Globally, esophageal cancer is said to be the eighth most common cancer and it usually develops from a condition known as Barrett’s esophagus.
Genomic data could help predict a patient’s risk of developing esophageal cancer. Image Credit: Spencer Phillips/EMBL-EBI.
Current treatment and monitoring approaches are highly intrusive and several patients have to go through difficult procedures to make sure that no cancer is overlooked.
Now, scientists have designed a statistical model that employs genomic information to precisely estimate whether a patient suffering from Barrett’s esophagus has a low or high risk of developing cancer.
Genomics and statistics come together
A research team from the University of Cambridge, EMBL’s European Bioinformatics Institute (EMBL-EBI), and colleagues sequenced genomes from biopsies that are regularly obtained from patients suffering from Barrett’s esophagus.
The researchers monitored these patients for early signs of esophageal cancer. They used the information to observe the differences between patients who were eventually diagnosed with esophageal cancer and those who were not. They later used this information to design a statistical model that quantifies the individual risk of every patient. The study was published in the Nature Medicine journal.
Other new cancer studies have also demonstrated that genomic mutations that cause cancer may occur several years before a patient is diagnosed with the disorder. The potential to detect these mutations could offer a novel method for early diagnosis and treatment of esophageal cancer.
With the help of genomic information obtained from 88 patients suffering from Barrett’s esophagus, the team identified 50% of the patients, who were diagnosed with esophageal cancer, as “high risk” over eight years prior to diagnosis. The numbers increased to 70% two years prior to diagnosis. Equally significant, the statistical model also precisely estimated patients who have a very low risk of developing esophageal cancer.
One of the unique things about this study was the richness of the data provided by colleagues at Addenbrooke’s Hospital in Cambridge. These patients have been in surveillance for over 15 years, so overall we had over 800 samples, taken over time and from different areas of the oesophagus.”
Moritz Gerstung, Group Leader, European Molecular Biology Laboratory - European Bioinformatics Institute
Gerstung continued, “This allowed us to measure in great detail what type of genomic changes occur and how these trajectories differ between patients with and without cancer. Without such thorough surveillance programmes, this study wouldn’t have been possible.”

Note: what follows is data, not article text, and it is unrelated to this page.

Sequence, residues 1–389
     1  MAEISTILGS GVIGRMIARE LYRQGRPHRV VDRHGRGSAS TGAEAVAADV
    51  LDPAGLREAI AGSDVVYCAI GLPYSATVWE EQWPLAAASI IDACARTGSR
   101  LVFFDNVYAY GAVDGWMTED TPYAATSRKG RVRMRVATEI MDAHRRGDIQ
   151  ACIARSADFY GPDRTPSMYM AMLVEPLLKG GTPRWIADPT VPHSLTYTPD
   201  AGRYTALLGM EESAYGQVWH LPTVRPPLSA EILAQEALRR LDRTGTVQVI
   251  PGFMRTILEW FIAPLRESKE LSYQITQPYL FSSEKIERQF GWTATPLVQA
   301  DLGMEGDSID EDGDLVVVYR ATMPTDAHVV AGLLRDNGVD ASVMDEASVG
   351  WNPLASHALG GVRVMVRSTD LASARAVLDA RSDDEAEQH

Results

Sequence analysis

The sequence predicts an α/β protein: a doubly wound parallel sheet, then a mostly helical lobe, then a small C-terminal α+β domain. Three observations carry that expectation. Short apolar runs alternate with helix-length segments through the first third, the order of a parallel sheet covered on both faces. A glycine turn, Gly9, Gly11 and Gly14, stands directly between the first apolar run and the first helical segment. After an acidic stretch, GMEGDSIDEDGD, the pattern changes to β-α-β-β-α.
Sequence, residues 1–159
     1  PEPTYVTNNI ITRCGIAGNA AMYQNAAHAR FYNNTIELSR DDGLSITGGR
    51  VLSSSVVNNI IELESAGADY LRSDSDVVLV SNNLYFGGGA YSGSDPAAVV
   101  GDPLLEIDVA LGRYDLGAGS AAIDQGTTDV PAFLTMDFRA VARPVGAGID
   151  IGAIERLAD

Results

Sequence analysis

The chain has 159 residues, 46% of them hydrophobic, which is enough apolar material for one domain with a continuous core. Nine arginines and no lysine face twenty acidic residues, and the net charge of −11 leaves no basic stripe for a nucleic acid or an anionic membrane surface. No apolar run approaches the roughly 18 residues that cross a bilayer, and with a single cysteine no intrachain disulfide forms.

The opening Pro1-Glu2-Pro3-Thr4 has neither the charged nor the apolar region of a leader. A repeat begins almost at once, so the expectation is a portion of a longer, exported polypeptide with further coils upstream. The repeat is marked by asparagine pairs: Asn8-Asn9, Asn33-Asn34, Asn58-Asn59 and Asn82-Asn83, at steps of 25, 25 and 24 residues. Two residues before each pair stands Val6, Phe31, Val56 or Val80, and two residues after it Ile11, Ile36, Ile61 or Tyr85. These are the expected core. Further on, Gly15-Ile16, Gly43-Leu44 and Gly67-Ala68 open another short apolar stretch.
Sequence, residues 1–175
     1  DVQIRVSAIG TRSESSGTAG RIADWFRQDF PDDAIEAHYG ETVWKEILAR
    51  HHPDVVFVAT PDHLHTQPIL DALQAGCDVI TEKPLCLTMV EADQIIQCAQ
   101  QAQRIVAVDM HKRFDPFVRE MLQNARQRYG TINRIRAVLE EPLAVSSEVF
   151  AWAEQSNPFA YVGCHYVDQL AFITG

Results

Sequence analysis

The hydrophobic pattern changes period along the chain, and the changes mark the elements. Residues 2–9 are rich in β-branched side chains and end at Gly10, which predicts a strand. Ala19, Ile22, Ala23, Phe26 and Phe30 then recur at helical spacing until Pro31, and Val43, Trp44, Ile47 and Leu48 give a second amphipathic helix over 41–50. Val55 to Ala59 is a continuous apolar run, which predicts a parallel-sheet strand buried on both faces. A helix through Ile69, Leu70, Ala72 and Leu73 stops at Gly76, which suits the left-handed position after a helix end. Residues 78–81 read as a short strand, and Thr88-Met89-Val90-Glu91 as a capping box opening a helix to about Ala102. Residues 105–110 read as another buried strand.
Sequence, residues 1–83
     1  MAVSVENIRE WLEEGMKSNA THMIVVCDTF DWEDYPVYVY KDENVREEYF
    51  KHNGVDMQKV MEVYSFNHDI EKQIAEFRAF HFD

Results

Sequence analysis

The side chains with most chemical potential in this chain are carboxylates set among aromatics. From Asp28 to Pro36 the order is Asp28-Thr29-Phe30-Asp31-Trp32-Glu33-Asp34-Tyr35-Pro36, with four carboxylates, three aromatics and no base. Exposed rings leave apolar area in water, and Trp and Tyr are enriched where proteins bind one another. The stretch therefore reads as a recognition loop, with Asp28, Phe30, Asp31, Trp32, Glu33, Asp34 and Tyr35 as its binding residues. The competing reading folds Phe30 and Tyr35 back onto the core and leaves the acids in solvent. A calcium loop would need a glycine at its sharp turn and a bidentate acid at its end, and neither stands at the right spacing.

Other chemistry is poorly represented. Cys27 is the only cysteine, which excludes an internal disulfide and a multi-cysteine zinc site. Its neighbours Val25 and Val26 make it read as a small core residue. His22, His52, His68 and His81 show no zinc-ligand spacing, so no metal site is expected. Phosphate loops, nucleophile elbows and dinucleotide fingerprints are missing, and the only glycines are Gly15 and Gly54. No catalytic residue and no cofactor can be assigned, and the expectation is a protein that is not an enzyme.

The benefit of early detection
While individuals with Barrett’s esophagus have a significantly higher risk of developing esophageal cancer when compared to the general population, just 1 out of 300 patients will be diagnosed with cancer every year.
Nonetheless, these patients have to undergo intrusive monitoring procedures once in two years. This surveillance can be stressful, uneasy, and time-intensive for the patients, and it also places an extra burden on the healthcare system.
The benefit of our method is twofold. The patients who have high-risk Barrett’s, which is likely to become cancerous, can receive treatment earlier. And individuals who have something that looks genetically stable, and unlikely to develop into the disease, do not need to undergo such intense surveillance. The hope is that our method can help improve early detection and treatment, and decrease unnecessary treatment for low-risk patients, without compromising patient safety.”
Sarah Killcoyne, Visiting Postdoctoral Fellow, European Molecular Biology Laboratory - European Bioinformatics Institute
These outcomes indicate that patients who have the greatest risk of developing esophageal cancer can be treated instantly, instead of performing recurrent biopsies until the detection of early signs of cancer.
On the other hand, patients who have low risk and stable disease can be tracked less often. On the whole, the authors estimate that surveillance can be decreased for half of the patients with Barrett’s esophagus.
This is an exciting example of how a collaboration between computational biologists and clinician scientists can bring new insights into an important clinical problem. Oesophageal cancer is devastating when it is diagnosed late, but early intervention can be performed endoscopically and spare patients unnecessary chemotherapy and removal of their oesophagus. Similar approaches could be extended to other cancer types in the future.”
Rebecca Fitzgerald, Professor of Cancer Prevention, University of Cambridge
Fitzgerald is also an MRC Programme Leader at the University of Cambridge.
According to the study’s authors, the subsequent steps are to improve the approach, ideally by examining the information from additional patients. It is equally significant to bring in clinical data and enhance the accuracy of the statistical model. This will ultimately lead to clinical trials to demonstrate that this statistical model is handy in clinical practice for patients who are currently being monitored.
Killcoyne, S., et al. (2020) Genomic copy number predicts esophageal cancer years before transformation. Nature Medicine. doi.org/10.1038/s41591-020-1033-y.